"I’m half Jewish. People say, “Well, which side of your family is Jewish?” I say, “My dad’s.” And they always say it doesn’t count. But I will say I keep my pool at 92 degrees, so you do the math. I find myself relating to Judaism. One of my best friends is Jewish beyond all Jews—I went to my first Passover Seder at his house—and I train in Krav Maga with a lot of Israelis."

John Mayer is a lot like Tim Watley from Seinfeld who was called into question for potentially converting to Judaism just for the jokes. He loves the slurring, the Seder, and the martial arts.

And: "Someone asked me the other day, “What does it feel like now to have a hood pass?” And by the way, it’s sort of a contradiction in terms, because if you really had a hood pass, you could call it a nigger pass. Why are you pulling a punch and calling it a hood pass if you really have a hood pass? But I said, “I can’t really have a hood pass. I’ve never walked into a restaurant, asked for a table and been told, ‘We’re full.’"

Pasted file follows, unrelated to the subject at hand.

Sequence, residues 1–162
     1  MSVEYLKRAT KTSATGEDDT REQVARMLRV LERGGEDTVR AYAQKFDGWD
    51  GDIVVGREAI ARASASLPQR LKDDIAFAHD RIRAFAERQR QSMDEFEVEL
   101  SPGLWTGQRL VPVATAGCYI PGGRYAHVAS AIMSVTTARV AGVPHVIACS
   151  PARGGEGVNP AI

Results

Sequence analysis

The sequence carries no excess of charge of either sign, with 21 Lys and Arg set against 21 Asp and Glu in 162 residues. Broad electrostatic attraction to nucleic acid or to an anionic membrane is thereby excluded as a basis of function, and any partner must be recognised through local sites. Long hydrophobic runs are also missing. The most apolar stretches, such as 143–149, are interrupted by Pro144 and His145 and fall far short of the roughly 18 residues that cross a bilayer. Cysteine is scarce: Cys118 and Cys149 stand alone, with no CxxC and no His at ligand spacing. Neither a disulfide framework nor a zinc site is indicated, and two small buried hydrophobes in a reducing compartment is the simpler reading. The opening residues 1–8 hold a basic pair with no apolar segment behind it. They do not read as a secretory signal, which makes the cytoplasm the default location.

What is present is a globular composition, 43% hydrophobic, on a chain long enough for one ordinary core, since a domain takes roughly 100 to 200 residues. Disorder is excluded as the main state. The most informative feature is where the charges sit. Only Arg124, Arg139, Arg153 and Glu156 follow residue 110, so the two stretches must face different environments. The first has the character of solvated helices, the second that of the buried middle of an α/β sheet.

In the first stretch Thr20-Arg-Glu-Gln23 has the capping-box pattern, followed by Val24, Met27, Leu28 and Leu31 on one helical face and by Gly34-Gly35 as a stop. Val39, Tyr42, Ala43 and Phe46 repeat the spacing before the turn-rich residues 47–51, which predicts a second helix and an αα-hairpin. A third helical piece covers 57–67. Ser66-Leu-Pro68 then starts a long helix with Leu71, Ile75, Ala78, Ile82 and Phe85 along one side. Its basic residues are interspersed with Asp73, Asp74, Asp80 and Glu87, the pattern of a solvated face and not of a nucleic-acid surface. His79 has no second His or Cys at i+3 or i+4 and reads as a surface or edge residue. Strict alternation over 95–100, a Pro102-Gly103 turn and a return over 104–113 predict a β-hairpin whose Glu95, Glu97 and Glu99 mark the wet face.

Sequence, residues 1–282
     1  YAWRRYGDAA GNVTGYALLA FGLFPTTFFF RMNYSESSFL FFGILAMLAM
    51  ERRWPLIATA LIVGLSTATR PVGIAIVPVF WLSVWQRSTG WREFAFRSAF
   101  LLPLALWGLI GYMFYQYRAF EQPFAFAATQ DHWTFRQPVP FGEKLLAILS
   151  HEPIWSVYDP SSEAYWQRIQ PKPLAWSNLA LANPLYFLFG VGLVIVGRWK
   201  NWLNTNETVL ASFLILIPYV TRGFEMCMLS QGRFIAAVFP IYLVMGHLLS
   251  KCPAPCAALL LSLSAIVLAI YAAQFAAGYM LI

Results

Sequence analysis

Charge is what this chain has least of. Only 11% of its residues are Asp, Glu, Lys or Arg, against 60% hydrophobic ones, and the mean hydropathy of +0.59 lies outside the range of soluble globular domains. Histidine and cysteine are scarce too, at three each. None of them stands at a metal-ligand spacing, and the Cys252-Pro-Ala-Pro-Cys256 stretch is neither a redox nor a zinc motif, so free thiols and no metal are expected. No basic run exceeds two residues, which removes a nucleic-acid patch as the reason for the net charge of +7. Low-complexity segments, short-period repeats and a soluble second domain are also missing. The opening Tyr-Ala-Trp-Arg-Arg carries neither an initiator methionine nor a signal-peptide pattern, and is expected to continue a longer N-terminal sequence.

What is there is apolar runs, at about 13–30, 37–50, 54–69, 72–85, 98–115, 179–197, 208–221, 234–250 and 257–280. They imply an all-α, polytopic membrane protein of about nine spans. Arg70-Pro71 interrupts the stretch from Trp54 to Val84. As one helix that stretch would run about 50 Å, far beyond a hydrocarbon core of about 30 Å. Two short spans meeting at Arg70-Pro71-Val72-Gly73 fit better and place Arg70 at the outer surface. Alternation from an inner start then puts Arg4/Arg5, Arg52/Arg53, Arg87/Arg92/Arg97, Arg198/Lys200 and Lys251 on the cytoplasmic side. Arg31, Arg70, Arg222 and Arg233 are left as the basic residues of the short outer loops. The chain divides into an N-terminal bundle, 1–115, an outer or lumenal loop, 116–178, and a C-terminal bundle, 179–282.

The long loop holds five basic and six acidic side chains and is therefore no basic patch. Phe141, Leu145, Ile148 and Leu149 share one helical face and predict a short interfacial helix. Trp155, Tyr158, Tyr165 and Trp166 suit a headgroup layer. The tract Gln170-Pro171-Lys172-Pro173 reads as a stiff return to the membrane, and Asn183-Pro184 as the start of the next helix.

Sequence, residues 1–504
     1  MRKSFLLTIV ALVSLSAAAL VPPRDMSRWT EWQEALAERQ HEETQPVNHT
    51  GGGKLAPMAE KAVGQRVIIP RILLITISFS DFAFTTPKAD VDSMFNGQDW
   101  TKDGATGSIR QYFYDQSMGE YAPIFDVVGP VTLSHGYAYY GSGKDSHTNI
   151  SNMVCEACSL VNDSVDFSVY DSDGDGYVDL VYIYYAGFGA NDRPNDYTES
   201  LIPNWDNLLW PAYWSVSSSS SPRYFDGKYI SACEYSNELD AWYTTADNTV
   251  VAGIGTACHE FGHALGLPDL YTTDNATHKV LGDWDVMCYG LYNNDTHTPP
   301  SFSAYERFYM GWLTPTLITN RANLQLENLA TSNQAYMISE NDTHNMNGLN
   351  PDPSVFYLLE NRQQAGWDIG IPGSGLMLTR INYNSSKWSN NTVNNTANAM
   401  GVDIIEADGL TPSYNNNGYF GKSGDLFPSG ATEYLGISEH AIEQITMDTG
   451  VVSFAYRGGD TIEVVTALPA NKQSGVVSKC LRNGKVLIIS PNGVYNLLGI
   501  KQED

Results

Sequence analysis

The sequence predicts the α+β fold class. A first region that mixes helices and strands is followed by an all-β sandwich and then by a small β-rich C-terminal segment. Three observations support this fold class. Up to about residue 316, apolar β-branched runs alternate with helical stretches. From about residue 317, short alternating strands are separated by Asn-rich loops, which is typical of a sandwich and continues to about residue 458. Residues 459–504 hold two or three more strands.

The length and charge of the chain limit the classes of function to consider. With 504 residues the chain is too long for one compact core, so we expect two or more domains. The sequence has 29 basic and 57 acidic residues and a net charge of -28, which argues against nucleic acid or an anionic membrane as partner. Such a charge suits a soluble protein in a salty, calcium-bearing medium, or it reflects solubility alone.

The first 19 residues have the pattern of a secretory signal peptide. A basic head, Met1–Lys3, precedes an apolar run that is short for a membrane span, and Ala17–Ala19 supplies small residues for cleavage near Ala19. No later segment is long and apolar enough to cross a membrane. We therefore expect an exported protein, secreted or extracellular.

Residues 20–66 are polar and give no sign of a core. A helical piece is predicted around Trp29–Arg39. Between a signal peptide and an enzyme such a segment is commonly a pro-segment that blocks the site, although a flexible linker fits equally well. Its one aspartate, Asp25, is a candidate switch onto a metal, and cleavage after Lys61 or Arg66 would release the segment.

The above comment, for which Mayer has already apologized, is plainly reprehensible. Not only because of his slurring, but also in the way he passes on saying he has cache with black America since he's never been denied access to a restaurant. It appears, in a sense, that John Mayer wants everyone to believe he is all things at once, a blues artist, a lover, a solemn poet, and an underdog, but none of his actions or words substantiate those claims. Except of course that he can play guitar and have sexual intercourse.

This boils down to Mayer being asked by his interviewer, "If you didn’t know you, would you think you’re a douche bag?"

To which Mayer replies, "It depends on what I picked up. My two biggest hits are “Your Body Is a Wonderland” and “Daughters.” If you think those songs are pandering, then you’ll think I’m a douche bag. It’s like I come on very strong. I am a very…I’m just very. V-E-R-Y. And if you can’t handle very, then I’m a douche bag. But I think the world needs a little very. That’s why black people love me."